Getting past the Obamacare replacement failure

Scott Ehrlich writes at the Federalist website about ways Republicans can recover from the American Health Care Act debacle.

Coming up with a bill that managed to get no bipartisan support, excited no part of their own party, writing it in secret without members even fully understanding it, then rushing to pass it shows a tone-deafness unlike any since Alanis Morissette.

The most amazing thing about this strategy is that Republicans willingly chose it. There was no urgency, no huge demand, no extenuating circumstances that forced them to rush a bill like this through. They could have just repealed and replaced later, fulfilling their promises to conservatives; or put together a well-thought-out, collaborative replacement bill later this year that reflected a great amount of research and consensus.

Or they could have done nothing, content that Obamacare would continue to implode on its own. Choosing none of these paths is baffling.

So what should they have done differently? Well, like most other parties, the most important thing for Republicans, as with most political parties in the world, is to stay in power. Approaching Obamacare as I describe below would maximize this goal.

That’s not to say it would lead to the best health-care bill possible, or even the best health insurance bill possible, and certainly not the best health care possible. But it would allow Republicans to fulfill a core promise to supporters, retain the legislative majorities necessary during President Trump’s term to pass other important things like deregulation, immigration reform, and tax reform, and likely minimize the long-term political fallout as much as one can when trying to reconfigure such a complex issue as health care.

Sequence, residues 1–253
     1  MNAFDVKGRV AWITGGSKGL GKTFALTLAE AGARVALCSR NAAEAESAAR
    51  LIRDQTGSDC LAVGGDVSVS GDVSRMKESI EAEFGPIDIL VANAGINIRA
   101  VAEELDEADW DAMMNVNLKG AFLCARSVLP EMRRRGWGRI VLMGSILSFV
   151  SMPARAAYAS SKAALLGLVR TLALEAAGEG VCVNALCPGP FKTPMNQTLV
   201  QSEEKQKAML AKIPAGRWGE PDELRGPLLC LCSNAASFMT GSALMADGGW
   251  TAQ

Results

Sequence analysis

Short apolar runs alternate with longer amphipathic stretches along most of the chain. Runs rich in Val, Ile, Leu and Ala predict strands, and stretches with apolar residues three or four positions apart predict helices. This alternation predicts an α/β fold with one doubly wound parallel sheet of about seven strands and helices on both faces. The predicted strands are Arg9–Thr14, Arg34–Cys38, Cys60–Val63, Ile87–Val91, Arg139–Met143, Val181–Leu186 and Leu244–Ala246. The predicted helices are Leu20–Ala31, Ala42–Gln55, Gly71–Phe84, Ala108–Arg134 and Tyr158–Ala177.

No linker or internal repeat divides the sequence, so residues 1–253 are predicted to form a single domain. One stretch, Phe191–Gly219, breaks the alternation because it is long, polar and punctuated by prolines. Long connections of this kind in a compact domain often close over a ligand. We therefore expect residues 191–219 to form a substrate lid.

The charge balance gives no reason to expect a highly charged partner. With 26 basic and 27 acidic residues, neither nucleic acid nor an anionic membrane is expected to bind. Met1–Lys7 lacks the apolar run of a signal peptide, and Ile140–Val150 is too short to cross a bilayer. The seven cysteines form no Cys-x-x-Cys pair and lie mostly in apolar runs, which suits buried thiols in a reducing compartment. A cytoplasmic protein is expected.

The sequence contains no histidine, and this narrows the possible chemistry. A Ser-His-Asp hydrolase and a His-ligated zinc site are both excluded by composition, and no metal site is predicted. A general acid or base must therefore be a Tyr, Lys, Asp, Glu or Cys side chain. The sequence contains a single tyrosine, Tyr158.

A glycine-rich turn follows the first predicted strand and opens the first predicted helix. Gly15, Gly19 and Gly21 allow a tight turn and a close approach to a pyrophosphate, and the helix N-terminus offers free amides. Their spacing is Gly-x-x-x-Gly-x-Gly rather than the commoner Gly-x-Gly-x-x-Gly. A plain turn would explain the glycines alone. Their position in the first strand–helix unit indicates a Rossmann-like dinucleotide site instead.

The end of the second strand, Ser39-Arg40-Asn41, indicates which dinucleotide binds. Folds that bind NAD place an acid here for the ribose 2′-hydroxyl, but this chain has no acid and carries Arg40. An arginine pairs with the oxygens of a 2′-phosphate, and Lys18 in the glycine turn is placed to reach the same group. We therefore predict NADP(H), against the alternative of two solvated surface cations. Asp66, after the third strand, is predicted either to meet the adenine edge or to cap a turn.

1. Repeal Obamacare Completely, Effective in 2020 …

2. Immediately Stop Obamacare’s Medicaid Expansion …

3. Vote Through Popular, Bipartisan Single-Issue Fixes

Mitch Kokai / Senior Political Analyst

Mitch Kokai is senior political analyst for the John Locke Foundation. He joined JLF in December 2005 as director of communications. That followed more than four years as chie...

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